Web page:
I was driving in my car, and it shook the car so violently,

that I knew something was going on.

Janet was with me, actually.

We were about to fly in a helicopter

to go check out Pu'u 'O'o, which had just collapsed.

And I said, "I'm going back to analyze this.

"I better go check this out."

And an hour later, the 6.9 happened.

So, it became the main shock.

That was relegated to be a foreshock.

A number of other ones happened after,

in the magnitude 4 range.

This orange line, by the way,

this curved pattern, is a telltale pattern

of aftershock decay.

It shows how the energy is trying to equilibrate,

trying to spread out and go back to normal over time.

Seismologists can use that information

to help forecast when other aftershocks might happen.

Speaking of which, some USGS seismologists

have used the magnitude 6.9 earthquake and its aftershocks,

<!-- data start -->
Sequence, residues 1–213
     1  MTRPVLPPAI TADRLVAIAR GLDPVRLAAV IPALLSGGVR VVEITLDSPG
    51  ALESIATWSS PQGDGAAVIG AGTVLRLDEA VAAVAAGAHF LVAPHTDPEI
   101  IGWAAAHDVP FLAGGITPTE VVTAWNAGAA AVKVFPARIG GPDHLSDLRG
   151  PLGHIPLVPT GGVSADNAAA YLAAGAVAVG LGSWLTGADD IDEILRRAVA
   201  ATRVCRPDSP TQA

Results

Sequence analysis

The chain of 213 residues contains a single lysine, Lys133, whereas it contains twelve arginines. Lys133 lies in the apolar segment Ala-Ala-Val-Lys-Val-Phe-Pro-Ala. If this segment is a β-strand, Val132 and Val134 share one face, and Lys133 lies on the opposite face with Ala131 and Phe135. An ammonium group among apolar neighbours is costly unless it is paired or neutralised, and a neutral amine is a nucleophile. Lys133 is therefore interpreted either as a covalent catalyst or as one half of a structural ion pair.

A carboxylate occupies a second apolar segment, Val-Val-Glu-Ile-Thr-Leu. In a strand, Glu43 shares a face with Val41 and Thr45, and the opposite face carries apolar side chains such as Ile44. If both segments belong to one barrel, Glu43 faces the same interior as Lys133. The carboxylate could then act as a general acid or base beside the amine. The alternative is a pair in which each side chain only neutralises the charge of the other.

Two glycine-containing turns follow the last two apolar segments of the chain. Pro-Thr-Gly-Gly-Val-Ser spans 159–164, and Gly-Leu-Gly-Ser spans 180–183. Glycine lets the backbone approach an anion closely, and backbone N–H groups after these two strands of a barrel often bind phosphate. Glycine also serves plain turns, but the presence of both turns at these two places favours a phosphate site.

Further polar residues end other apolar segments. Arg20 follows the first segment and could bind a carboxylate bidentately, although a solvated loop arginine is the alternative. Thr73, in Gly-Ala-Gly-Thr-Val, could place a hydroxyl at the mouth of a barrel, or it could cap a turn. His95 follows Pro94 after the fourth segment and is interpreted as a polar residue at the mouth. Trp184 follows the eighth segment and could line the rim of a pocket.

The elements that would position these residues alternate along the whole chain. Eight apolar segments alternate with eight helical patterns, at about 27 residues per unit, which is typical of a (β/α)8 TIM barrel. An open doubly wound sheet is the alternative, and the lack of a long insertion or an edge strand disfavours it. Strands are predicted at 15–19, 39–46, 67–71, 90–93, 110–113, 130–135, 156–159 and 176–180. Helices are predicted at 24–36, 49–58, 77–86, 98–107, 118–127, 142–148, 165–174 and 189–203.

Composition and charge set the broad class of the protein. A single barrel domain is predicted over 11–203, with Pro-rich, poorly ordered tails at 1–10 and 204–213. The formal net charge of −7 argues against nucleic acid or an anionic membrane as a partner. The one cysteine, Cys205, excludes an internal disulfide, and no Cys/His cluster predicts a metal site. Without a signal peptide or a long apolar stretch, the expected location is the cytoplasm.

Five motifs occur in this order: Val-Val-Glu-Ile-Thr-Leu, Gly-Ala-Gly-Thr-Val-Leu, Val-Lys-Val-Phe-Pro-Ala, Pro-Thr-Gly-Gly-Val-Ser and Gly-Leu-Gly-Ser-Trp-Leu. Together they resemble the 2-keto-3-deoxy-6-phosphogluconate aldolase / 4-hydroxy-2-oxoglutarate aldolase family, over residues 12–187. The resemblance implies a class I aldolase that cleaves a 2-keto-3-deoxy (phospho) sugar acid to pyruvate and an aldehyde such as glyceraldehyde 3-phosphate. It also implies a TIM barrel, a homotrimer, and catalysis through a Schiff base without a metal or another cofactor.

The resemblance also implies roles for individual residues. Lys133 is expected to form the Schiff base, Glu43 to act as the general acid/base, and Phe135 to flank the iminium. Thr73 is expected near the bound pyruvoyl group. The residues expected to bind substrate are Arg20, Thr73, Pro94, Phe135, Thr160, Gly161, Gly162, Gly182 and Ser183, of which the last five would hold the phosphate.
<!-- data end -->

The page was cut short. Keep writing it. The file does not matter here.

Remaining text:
as well as historical earthquakes,

to calibrate a new product that'll be coming out very soon,

called the aftershock forecast product.

It's already in use around other regions of the country.

It was very helpful during the Alaska earthquake

that happened a couple of years ago, for example.

This shows just how well their model fits the data,

that's what this is showing, and it's a pretty good fit.

Stay tuned for that.

This is just the summary of that sequence.

You had the 6.9, the decay down,

just kind of a nice decay down,

and then, but remember I told you

that the activity is elevated now

compared to what it was before.

See how before we were getting maybe 100 earthquakes

per week, and now we're getting

about 200 earthquakes per week.